Your Daily Fantasy Rx
by Tim Polko
When the White Sox fired Jerry Manuel the day after the regular season ended, the only question in Chicago was why the team waited three months too long. The favorite to replace him is former Toronto manager and back-to-back World Champion Cito Gaston, and not only was Gaston available in early July, he's one of the only managers in history who previously took over a struggling team at mid-season and guided them to the playoffs. Gaston is a much better pick than rumored names like Ozzie Guillen, Wally Backman, and Buddy Bell as Guillen and Backman both appear far too aggressive to run a team and Gaston is much more successful than Bell. Only Mike Hargrove might be a superior option, and Chicago isn't expected to interview him. Guillen unexpectedly could win the job, but given his horribly overrated playing career, I suspect his strategies will resemble those from the first decade of the 20th century than the beginning of the 21st.
Once he finds a manager, GM Kenny Williams will begin reconstructing a roster that could experience severe turnover before Spring Training. Among core Sox, only Joe Crede, Miguel Olivo, Esteban Loaiza, Jon Garland, and Damaso Marte seem certain to return. Carl Everett, Roberto Alomar, and Tom Gordon should leave as free agents, as might Frank Thomas. Magglio Ordonez, Carlos Lee, Paul Konerko, and Mark Buehrle all could be dangled as the payroll seems likely to drop by at least ten million.
The increasing dropoff in minor league talent also should worry Sox fans. Jeremy Reed, Jon Rauch, Neal Cotts, and Kris Honel all appear promising, but the deals for Everett, Alomar, Marte, Scott Sullivan, Billy Koch, and Scott Schoeneweis all sapped needed depth. Williams need to improve the overall defense, find a couple hitters who deserve top-of-the-order lineup slots, and find an ace if Bartolo Colon doesn't return, all while likely lowering the payroll per owner request.
Regardless of Ordonez's contract, dealing the organization's best player is a bad move. Moving a hitter of Lee's upside seems foolish, and Thomas likely will exercise his $6M player option rather than risk a larger pay cut on the open market. Re-signing someone like Sandy Alomar to catch along side Olivo also isn't a terrible idea.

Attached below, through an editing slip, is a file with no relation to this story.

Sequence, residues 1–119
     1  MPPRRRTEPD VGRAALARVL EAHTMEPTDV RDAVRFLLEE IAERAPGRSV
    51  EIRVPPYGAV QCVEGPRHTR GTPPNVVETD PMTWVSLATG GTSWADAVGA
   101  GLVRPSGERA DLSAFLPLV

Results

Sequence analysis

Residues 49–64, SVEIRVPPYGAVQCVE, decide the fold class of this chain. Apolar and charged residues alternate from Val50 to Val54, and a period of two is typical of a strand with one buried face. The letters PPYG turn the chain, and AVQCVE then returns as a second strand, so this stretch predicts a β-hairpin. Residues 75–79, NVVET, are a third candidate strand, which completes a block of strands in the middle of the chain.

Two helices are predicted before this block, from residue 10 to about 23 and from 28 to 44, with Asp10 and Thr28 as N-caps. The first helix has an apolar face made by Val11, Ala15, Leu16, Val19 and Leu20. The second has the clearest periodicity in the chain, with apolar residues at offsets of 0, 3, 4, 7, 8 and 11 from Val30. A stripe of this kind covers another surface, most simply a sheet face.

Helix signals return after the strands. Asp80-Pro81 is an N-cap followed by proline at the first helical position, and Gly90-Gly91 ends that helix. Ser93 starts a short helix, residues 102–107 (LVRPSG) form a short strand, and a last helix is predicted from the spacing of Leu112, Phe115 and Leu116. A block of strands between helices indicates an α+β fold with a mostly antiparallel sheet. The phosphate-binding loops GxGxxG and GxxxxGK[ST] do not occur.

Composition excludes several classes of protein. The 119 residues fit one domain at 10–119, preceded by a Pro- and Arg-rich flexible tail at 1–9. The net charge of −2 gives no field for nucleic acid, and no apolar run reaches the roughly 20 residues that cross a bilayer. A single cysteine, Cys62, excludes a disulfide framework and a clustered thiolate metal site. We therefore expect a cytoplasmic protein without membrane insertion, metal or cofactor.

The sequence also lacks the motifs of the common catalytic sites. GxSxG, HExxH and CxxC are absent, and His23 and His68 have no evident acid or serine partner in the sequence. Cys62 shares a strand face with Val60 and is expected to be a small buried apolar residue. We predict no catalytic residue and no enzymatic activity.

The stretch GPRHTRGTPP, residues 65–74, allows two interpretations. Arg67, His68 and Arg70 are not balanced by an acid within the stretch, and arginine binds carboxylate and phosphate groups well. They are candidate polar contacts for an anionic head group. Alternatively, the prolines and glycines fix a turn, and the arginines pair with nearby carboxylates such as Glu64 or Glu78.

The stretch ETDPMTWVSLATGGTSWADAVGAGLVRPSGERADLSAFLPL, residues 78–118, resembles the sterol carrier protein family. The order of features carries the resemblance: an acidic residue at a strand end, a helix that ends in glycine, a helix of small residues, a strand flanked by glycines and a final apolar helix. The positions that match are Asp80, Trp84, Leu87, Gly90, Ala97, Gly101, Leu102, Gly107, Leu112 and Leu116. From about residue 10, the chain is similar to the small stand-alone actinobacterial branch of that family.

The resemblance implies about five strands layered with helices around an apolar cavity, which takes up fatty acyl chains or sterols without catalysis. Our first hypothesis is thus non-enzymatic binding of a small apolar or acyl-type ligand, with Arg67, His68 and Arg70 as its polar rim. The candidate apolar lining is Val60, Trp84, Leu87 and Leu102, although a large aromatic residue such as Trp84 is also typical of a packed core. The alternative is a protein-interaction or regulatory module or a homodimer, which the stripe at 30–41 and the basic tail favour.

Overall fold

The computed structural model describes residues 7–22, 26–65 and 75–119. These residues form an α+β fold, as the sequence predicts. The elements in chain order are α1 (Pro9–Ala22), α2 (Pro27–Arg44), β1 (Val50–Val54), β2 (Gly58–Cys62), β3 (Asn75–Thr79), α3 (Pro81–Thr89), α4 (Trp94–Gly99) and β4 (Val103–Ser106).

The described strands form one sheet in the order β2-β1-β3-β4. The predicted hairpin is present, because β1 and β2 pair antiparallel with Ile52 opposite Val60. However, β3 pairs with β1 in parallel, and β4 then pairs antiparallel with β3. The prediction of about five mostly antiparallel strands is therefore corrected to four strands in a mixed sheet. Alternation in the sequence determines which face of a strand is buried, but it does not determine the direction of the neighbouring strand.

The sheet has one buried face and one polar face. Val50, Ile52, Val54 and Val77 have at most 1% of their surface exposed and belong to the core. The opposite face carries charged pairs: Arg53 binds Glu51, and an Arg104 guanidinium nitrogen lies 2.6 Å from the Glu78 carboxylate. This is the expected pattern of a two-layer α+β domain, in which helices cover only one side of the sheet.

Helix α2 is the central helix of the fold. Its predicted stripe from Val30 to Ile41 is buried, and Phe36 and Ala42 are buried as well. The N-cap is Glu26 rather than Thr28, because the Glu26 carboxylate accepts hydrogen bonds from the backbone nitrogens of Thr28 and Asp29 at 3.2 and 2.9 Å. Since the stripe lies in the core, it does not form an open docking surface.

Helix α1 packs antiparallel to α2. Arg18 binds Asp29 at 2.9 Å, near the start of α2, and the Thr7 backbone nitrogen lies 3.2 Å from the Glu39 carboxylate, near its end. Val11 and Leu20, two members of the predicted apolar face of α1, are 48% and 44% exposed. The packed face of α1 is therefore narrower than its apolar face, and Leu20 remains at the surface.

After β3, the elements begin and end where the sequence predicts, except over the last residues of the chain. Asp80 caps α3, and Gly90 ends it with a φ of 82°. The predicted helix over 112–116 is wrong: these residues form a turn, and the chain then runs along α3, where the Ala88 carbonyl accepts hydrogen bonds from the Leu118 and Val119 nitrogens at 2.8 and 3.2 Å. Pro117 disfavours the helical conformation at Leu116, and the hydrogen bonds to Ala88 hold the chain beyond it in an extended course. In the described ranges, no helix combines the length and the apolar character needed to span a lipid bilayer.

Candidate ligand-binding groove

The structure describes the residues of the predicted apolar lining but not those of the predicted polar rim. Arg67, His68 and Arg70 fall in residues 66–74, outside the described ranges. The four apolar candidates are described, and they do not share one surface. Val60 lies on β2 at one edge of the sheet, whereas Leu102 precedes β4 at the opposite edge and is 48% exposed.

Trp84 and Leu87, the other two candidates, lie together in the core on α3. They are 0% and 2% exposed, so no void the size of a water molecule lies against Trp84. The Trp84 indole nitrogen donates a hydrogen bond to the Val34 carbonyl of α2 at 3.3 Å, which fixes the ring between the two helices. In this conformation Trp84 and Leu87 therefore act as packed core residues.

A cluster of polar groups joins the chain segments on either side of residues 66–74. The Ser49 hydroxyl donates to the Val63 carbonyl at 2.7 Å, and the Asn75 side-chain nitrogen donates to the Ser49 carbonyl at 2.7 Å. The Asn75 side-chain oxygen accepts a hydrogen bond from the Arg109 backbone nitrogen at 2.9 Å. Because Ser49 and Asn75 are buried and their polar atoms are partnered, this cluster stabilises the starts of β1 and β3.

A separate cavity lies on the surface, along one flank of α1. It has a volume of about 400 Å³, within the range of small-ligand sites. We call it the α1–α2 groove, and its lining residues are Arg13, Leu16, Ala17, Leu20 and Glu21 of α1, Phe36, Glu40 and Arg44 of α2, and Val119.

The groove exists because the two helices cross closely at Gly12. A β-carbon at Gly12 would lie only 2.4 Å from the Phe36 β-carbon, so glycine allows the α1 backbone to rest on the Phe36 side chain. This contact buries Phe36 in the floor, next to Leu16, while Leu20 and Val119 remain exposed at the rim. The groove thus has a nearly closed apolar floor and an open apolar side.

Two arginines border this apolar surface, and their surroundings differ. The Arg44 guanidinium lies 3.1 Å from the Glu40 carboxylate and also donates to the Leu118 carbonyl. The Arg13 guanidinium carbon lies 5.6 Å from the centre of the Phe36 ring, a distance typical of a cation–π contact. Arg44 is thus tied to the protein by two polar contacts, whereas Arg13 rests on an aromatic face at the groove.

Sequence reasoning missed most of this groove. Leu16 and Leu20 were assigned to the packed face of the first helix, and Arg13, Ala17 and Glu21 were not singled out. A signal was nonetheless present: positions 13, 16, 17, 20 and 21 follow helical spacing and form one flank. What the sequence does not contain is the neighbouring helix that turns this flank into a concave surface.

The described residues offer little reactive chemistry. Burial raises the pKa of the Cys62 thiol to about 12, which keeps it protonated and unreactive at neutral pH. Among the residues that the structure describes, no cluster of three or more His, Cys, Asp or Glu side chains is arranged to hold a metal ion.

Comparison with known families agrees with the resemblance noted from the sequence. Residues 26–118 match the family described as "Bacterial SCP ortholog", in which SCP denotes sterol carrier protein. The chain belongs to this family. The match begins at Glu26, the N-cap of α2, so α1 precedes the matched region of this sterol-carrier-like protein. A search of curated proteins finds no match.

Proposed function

Konerko represents a bigger problem as losing Everett and possibly not exercising the option on Jose Valentin leaves the lineup without any left-handed hitters. Any trade would increase Konerko's remaining salary to $17.75 over the next two years, so unless the Sox foolishly include extra prospects, they only will net a similarly overpaid player for Konerko. The best idea I see is to offer Konerko for Cincinnati's Sean Casey, who lacks power but makes contact, owns a better glove, makes over $3M less the next two years, and bats left-handed. Like Konerko, Casey also would be a positive clubhouse force. After giving the Reds two starting infielders, D'Angelo Jimenez and Tim Hummel, for only two months of Scott Sullivan and a minor league reliever, Cincinnati should be open to reacquiring Konerko. If the Sox offer to accept the $2.5M owed Jimmy Haynes in 2004 once he exercises his player option, the Reds should be amenable to adding a needed right-handed slugger to their bevy of lefties. Dealing Konerko for Casey, Haynes, and a low-level prospect helps Cincinnati clear a little short-term payroll while giving them a player with significant upside.
Casey fills the #2 hole for the Sox with a contact hitter who should prosper in Comiskey. As the Sox won't offer the contract necessary to acquire a top free agent, cheaper options remain that also should keep the team competitive. If Roberto Alomar will take somewhere around $6M for two years, he can return with his brother, but Roberto either must abandon switch-hitting or accept a platoonmate. Perhaps AAA second baseman Aaron Miles might be a good match, although dealing for a lefty masher like Ron Belliard or Carlos Febles would give the Sox a surprisingly productive leadoff platoon.
Following an Alomar platoon and Casey, Thomas, Ordonez, and Lee again comprise the heart of the order. Jose Valentin seems likely to return if he'll accept a lower salary, so he, Crede, Olivo/Alomar, and either Jeremy Reed or a platoon of Willie Harris and Aaron Rowand should complete the lineup. Giving the restrictions apparently imposed on Williams, I see no reason the Sox can't retain on of baseball's best offenses.
The pitching staff is more complicated as Bartolo Colon seems intent on testing free agency, which means he'll likely depart. We can't expect Esteban Loiaza to match his 2004 performance, and Mark Buehrle moves another year towards free agency and his likely departure to somewhere like St. Louis. At least Garland looks like a decent #3 starter, and some combination of Jimmy Haynes, Jon Rauch, Dan Wright, and Neal Cotts appears quite capable of handling the last two rotation slots, not to mention long relief.